Samuel Henry Shriver Jr., 74, estate planner, outdoorsman

April 20, 2006|By FREDERICK N. RASMUSSEN | FREDERICK N. RASMUSSEN,SUN REPORTER

Samuel Henry Shriver Jr., an estate and financial planner who was a lifelong outdoorsman and dog trainer, died of lung cancer Saturday at his Glyndon home. He was 74.

Mr. Shriver was born in Baltimore and raised in Roland Park. He was a 1949 graduate of Gilman School and earned a bachelor's degree in business from the Johns Hopkins University. He also had served as a member of the 110th Field Artillery of the Maryland National Guard.

Mr. Shriver, who was certified as a chartered life underwriter and a chartered financial consultant, began his business career during the 1960s with Monumental Life Insurance Co., where he later was manager of group sales.

In 1969, he was named the company's first director of a new special marketing department that combined group and individual sales, a position he held until 1971, when he left to establish Creative Marketing Inc.

At the time of his death, Mr. Shriver was still working for the Reisterstown estate and financial planning company, which has been known as Shriver & Co. since 1998.

Throughout his life, Mr. Shriver had been an ardent conservationist, sportsman, hunter, fisherman and trainer of Labrador retrievers.

"He had a great zest and enthusiasm for life, and had a lot of curiosity to try new things. He loved working in the orchard at his Dover Road home or farming for oysters at a place he owned on the Eastern Shore," said Henry S. Baker Jr., a retired Baltimore businessman and longtime friend.

"He should have been a farmer because he loved the outdoors so much," said his wife of 46 years, the former Margot Ketcham.

"I've known Sam for 50 years, and we've been good friends all that time, and he had all the good qualities of a friend. He was extremely thoughtful and always interested in you," said Craig Lewis, a Baltimore investment manager who shared Mr. Shriver's love of the outdoors and waterfowl hunting. They often hunted together.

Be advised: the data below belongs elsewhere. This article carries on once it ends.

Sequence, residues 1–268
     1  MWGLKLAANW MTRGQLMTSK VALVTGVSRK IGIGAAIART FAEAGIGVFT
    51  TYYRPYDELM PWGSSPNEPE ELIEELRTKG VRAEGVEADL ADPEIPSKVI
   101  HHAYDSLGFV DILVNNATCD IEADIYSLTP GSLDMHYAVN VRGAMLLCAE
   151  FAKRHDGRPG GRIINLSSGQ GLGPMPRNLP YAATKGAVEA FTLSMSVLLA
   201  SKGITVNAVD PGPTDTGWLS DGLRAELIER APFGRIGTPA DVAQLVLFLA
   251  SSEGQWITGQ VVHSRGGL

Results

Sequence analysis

"He was a great shot and a good waterfowl hunter and while he loved to hunt and fish, the thing he most enjoyed in life, I think, was training dogs, and he was very good at it," Mr. Lewis said.

Mr. Shriver enjoyed entering his dogs in field and hunting trials, including for a number of years the Waterfowl Festival held each fall in Easton.

"Sam was so self-deprecating that if something went wrong during a competition, it was never the dog's fault. He was always very close to his dogs," Mr. Baker said.

"If he had bred and raised dogs, I wouldn't have stayed with him for more than 40 years - he just trained them," said Mrs. Shriver, with a laugh.

"In the last couple of months and up until three weeks ago, friends of his would go along with him while he worked his dogs. It did so much for Dad's outlook," said Eleanor Shriver Magee, a daughter, who lives in Easton.

Mr. Shriver was also an accomplished squash and tennis player and passed his enthusiasm for the latter to his daughter, Pam Howard Shriver, a Tennis Hall of Famer and Baltimore native, who lives in Los Angeles.

"That's how I got started, playing tennis with Mom and Dad. They set the tone and always said to have fun with the sport," Ms. Shriver said yesterday. "He loved to compete and was always very competitive. He continued playing through his first round of chemotherapy, which was about a year ago."

Mr. Shriver was equally encouraging and supportive of his other daughters' athletic pursuits.

"I played lacrosse, and my sister, Marion, rode," said Mrs. Magee.

"When people hear about Sam they think of Pam, who is world-renowned," said Bill Tanton, retired Evening Sun sports editor, who had known Mr. Shriver since high school, when both played lacrosse.

"I remember when Pam was 16 and she played Chrissie Evert at the U.S. Open in New York. And even though Chrissie beat her in the final, I said to Sam that it was a great moment and incredible given Pam's age," Mr. Tanton recalled yesterday.

"Sam said, `She may never get that high again.' It was the most modest thing I ever heard and even though Pam went onto become a great doubles player, Sam never bragged about her like a lot of parents would. He was a very good guy and wonderful when it came to handling her fame," he said.

Mr. Shriver was a tennis official and a member of the Baltimore Tennis Patrons. He was a member of the Maryland Club, the Elkridge Club and the Bachelors Cotillon. He also enjoyed annual vacations to Harbor Island in the Bahamas, and the A-Bar-Ranch in Encampment, Wyo.

Mr. Shriver was a longtime communicant and vestry member of St. Mark's-on-the-Hill Episcopal Church in Pikesville.

"Sam didn't want any services and at some point we'll have a celebration of his life. What he wanted was a party, and that's what we'll do," Mrs. Shriver said.

Also surviving are a brother, Richard H. Shriver of Old Lyme, Conn., and four grandchildren. His daughter Marion Shriver Abell died in 1997.

fred.rasmussen@baltsun.com

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